Entering the Loan Data

Let's pretend you want to buy a home theater system and you need to borrow $21,00.00 from the bank. What will be the monthly payment? How much interest will you pay the bank? What will be the total cost of the loan? 69. In cell B3 type Home Theater. 70. Press Enter. 71. In cell B4 type 21000.

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72. Press Enter. 73. In cell B5 type 3500. 74. Press Enter twice. 75. In cell B7 type 8.25. 76. Press Enter. 77. In cell B8 type 4. 78. Press Enter. 79. Look at Figure 2.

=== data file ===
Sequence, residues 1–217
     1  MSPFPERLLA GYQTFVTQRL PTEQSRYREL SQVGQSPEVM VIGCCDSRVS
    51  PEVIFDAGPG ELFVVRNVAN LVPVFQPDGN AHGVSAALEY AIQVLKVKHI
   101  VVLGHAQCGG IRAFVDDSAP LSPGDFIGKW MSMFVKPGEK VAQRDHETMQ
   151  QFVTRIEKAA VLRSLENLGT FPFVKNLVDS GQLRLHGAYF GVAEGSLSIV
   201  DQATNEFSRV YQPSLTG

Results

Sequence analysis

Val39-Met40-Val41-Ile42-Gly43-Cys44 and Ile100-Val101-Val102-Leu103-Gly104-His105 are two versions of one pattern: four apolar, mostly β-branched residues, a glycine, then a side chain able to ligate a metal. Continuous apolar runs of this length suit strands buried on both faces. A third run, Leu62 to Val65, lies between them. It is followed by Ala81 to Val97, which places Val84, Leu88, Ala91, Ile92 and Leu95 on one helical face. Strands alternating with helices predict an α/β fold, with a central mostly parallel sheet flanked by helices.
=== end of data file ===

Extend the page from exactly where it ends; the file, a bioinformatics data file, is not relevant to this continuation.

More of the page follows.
Figure 2

Calculating the Loan Amount

The loan amount is the price ? the down payment. 80. Click in cell B6. 81. Type =b4-b5. 82. Press Enter. 83. The loan amount should be $17,500 if

your formula is correct.

Calculating the Monthly Payment with the PMT Function

To determine the monthly payment you will use the PMT function. The PMT function has three arguments.

=PMT(rate, payments, loan amount) ? Rate is the interest rate for each month

? Payments is the number of payments

? Loan Amount is the amount of the loan Cell B7 displays the annual interest rate. However, banks calculate interest on a monthly basis. Therefore, the rate value must be divided by 12. The total number of payments is the number of years*12, because there are 12 months or 12 payments per year.

84. Click in cell B9.

85. Type =pmt(b7/12,12*b8,-b6).

86. Press Enter.

87. You must type "?b6" so that the month payment become a positive number.